Microsoft has come up with an extreme method of slapping down the predicted virus onslaught by outlawing email attachments. The security feature will be a default setting in Microsoft's forthcoming release of Outlook 2002, part of the Office XP package due for release on 31 May.
Although the feature is designed to prevent the spread of viruses and malicious code, a Microsoft spokeswoman admitted that it would be difficult to switch off and that all attachments, including clean ones, would be banned.
"A systems administrator or someone who really knows what they're doing would be able to deactivate the feature," she said. "Your average consumer sitting at home may have difficulties, but the aim is to provide more security."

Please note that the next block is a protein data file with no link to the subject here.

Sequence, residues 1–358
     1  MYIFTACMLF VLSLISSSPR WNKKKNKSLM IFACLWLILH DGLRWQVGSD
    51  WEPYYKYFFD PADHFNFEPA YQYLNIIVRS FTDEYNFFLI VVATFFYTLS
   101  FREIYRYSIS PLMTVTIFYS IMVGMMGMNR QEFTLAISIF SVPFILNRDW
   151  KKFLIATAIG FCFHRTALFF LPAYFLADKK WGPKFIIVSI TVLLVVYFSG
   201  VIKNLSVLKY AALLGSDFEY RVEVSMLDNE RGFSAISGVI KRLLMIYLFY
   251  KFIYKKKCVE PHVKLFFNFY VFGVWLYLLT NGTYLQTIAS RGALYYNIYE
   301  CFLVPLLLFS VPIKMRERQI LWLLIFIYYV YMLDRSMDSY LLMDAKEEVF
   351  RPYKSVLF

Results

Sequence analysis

Outlook 2002, the email application included with Office XP, will reject more than 30 types of files sent as email attachments including executables, which are the most popular way of spreading viruses.
Other files the client will refuse to download are batch files, Java and Visual Basic scripts, help files and screensavers. The program will not distinguish between harmless attachments and infected files - everything will be blocked although users can still send attachments.
Microsoft has attempted this technique before - Service Pack 1 for Office 2000 included an option to ban all attachments - but this time round the measure will be forced.
The spokeswoman denied that the move showed a lack of faith in antivirus software. "We are still working very closely with antivirus vendors and we still recommend the use of antivirus software in conjunction with our own security measures," she said.
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